From Up on Poppy Hill is set in Yokohama 1963, prepping up for the 1964 Olympics, dealing with the aftermath of WWII and the Korean War. Only Yesterday follows the past and present of Taeko Okajimi; her childhood in 1965, and her adulthood in 1982. At the same time in 1965, Pom Poko begins, with the tanuki trying to stop the creation of New Tama. Their efforts continue long into the 1990s, where they eventually lose, integrating into the human world.
Whisper of the Heart takes place in New Tama in 1995, featuring characters who appear in the semi-sequel The Cat Returns. That film is actually implied to be a story written by Whisper of the Heart’s protagonist Shizuku Tsukishima. Spirited Away follows in 2001, featuring Chihiro’s journey into the spirit world. Haku is revealed to be the spirit of an urbanised river, and another river spirit appears in a disgustingly polluted state.
Ponyo comes next in 2008, where the balance between nature and humanity is at its most imbalanced. Well, that is until Ponyo causes complete havoc in the ecosystem, though her relationship with Sosuke seems to fix things. Ponyo’s mother Gran Mamare seems to be one of the few active spirits that interact with the human world.
How the Borrowers from Arrietty fit into the bigger puzzle is a mystery. The species seem to be on the verge of extinction, or at least rare. The film occurs in 2010 in the Tokyo neighbourhood Koganei. Rounding up the timeline is When Marnie Was There occurring in 2014.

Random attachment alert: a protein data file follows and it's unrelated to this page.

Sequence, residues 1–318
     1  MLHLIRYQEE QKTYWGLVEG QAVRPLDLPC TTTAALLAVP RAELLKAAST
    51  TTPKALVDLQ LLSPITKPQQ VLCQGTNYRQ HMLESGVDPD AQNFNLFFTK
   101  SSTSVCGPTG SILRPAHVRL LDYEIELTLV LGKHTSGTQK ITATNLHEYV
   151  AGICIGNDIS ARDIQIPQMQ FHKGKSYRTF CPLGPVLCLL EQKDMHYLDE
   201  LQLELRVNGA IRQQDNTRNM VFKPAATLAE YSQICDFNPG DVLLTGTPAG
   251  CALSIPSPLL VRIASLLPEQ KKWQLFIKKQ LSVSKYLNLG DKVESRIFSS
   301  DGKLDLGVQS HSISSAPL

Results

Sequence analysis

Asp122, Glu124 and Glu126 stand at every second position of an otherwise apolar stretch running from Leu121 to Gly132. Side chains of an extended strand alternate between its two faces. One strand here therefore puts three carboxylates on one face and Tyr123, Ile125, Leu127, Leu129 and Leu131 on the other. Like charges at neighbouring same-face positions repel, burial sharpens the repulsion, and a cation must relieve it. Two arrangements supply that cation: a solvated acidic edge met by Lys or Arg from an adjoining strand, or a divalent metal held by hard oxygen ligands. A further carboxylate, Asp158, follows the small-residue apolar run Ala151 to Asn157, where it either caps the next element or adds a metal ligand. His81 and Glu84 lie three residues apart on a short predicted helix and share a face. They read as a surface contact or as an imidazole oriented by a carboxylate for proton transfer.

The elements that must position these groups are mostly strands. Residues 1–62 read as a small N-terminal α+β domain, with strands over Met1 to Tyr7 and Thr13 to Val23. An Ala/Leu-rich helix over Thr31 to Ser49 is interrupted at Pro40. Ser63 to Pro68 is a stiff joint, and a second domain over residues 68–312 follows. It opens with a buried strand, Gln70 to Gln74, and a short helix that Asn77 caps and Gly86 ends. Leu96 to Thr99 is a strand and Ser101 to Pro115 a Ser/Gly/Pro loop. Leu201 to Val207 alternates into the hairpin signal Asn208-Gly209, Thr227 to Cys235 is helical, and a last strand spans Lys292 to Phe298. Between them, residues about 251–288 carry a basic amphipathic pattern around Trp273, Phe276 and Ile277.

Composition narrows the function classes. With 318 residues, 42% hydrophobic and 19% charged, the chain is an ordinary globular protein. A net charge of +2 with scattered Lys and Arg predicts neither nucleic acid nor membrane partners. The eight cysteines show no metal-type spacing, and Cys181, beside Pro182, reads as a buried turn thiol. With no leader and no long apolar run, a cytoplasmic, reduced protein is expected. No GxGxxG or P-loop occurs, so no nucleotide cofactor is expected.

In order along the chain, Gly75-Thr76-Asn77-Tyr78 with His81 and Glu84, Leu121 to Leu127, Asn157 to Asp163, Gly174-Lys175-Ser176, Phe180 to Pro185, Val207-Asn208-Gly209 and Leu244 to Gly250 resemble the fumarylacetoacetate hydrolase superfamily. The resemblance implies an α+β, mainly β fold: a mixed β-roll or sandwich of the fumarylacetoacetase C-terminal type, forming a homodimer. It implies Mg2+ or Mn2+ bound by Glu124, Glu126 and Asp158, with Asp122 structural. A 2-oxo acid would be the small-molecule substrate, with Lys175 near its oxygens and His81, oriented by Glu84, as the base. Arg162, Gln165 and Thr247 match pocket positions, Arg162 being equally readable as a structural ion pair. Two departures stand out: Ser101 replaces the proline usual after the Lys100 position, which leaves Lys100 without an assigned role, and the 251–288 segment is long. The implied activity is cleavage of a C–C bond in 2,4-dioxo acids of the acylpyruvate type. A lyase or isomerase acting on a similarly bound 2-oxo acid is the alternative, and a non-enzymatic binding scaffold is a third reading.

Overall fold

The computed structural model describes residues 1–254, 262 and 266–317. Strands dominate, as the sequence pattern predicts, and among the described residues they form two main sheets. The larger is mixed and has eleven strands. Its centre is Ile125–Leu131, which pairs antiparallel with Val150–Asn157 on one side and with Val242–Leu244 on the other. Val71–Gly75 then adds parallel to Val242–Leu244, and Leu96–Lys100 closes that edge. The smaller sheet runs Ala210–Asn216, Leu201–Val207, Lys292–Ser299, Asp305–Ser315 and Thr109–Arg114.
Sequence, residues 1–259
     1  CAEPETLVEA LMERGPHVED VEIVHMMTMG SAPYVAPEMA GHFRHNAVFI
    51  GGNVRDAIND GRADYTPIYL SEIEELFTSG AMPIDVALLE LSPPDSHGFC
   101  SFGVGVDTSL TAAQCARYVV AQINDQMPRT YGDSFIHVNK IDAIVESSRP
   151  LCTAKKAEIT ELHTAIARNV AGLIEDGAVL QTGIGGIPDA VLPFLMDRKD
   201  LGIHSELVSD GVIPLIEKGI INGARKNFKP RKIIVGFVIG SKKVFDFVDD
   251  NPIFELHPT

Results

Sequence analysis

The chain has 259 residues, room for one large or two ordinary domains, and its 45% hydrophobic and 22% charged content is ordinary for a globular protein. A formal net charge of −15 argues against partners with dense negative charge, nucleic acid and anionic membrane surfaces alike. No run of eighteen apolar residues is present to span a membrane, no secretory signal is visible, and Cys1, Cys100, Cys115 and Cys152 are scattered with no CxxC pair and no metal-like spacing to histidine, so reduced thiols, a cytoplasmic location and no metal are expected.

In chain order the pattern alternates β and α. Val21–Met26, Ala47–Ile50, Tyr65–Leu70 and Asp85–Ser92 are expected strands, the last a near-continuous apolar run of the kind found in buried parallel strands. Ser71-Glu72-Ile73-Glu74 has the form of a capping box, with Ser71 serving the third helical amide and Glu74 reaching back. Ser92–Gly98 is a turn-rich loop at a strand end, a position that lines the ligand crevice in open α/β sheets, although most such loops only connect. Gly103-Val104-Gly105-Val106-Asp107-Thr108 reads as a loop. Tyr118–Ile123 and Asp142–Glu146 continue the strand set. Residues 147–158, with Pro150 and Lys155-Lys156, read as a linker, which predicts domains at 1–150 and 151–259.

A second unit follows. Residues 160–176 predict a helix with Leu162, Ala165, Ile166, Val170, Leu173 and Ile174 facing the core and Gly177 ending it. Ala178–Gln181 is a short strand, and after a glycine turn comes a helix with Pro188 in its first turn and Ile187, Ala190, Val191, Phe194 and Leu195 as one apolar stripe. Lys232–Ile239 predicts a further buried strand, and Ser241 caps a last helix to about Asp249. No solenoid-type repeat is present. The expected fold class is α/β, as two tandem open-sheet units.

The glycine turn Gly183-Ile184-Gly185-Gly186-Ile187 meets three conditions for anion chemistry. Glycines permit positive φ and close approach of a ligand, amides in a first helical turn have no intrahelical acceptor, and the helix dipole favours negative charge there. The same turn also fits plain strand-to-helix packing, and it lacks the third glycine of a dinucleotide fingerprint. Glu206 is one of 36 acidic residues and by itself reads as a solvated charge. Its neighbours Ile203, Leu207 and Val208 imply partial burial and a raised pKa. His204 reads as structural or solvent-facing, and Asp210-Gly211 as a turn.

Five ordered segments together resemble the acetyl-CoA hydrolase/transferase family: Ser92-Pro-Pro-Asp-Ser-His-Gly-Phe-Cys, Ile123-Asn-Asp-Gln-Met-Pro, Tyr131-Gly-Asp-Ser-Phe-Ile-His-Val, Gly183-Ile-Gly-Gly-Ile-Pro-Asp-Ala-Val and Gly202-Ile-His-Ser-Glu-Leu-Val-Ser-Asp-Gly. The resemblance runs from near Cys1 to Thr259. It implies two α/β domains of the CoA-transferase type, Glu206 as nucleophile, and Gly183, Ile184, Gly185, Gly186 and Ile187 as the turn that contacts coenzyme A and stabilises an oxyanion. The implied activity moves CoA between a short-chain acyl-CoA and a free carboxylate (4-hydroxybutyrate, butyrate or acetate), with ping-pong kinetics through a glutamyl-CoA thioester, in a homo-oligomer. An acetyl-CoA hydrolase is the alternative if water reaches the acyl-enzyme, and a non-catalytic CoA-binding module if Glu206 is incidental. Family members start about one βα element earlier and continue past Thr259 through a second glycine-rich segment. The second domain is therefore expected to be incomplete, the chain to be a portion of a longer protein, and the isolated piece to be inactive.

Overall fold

Some time in the far future, mankind is wiped out by their creations, the Giant Warriors, in the Seven Days of Fire. A thousand years later, much of the world is either desert, or covered in the Toxic Jungle. This leads to the events of Nausicaä, where the balance between humanity and nature are finally restored.
The second timeline is much smaller, consisting of Castle in the Sky, Howl’s Moving Castle, and Kiki’s Delivery Service. Other films with magic, such as Ponyo, and even Nausicaä could take place in this timeline as well. As mentioned earlier, the magic-based technology from Laputa is suggested to be origin/inspiration for the giant warriors. The giant insects, the Ohm, possess a degree of magic, able to resurrect Nausicaä. Since magic is tied closely to nature in the Studio Ghibli films, this further cements the resolution of the world’s balance.
Of course, all of this is both purely hypothetical and for fun. It is a hoot to come up with such ideas, offering brand new ways to appreciate the works of Studio Ghibli!
Do you think Studio Ghibli’s films are set in the same world? Which are your favourites? Leave a comment below, or on our Twitter feed!